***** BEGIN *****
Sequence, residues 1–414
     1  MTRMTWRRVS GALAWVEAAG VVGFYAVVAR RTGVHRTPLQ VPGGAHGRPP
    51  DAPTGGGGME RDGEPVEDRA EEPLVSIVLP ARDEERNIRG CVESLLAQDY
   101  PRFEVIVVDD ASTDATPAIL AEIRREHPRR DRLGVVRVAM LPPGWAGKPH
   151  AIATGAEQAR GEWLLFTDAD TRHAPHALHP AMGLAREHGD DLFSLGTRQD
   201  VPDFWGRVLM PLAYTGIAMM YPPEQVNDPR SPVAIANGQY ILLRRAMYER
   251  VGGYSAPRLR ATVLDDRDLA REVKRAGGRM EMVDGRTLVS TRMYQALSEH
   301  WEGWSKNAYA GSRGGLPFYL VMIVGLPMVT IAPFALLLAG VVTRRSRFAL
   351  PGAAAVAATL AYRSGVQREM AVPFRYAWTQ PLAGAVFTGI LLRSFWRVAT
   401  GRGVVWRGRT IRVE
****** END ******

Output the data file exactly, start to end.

Sequence, residues 1–414
     1  MTRMTWRRVS GALAWVEAAG VVGFYAVVAR RTGVHRTPLQ VPGGAHGRPP
    51  DAPTGGGGME RDGEPVEDRA EEPLVSIVLP ARDEERNIRG CVESLLAQDY
   101  PRFEVIVVDD ASTDATPAIL AEIRREHPRR DRLGVVRVAM LPPGWAGKPH
   151  AIATGAEQAR GEWLLFTDAD TRHAPHALHP AMGLAREHGD DLFSLGTRQD
   201  VPDFWGRVLM PLAYTGIAMM YPPEQVNDPR SPVAIANGQY ILLRRAMYER
   251  VGGYSAPRLR ATVLDDRDLA REVKRAGGRM EMVDGRTLVS TRMYQALSEH
   301  WEGWSKNAYA GSRGGLPFYL VMIVGLPMVT IAPFALLLAG VVTRRSRFAL
   351  PGAAAVAATL AYRSGVQREM AVPFRYAWTQ PLAGAVFTGI LLRSFWRVAT
   401  GRGVVWRGRT IRVE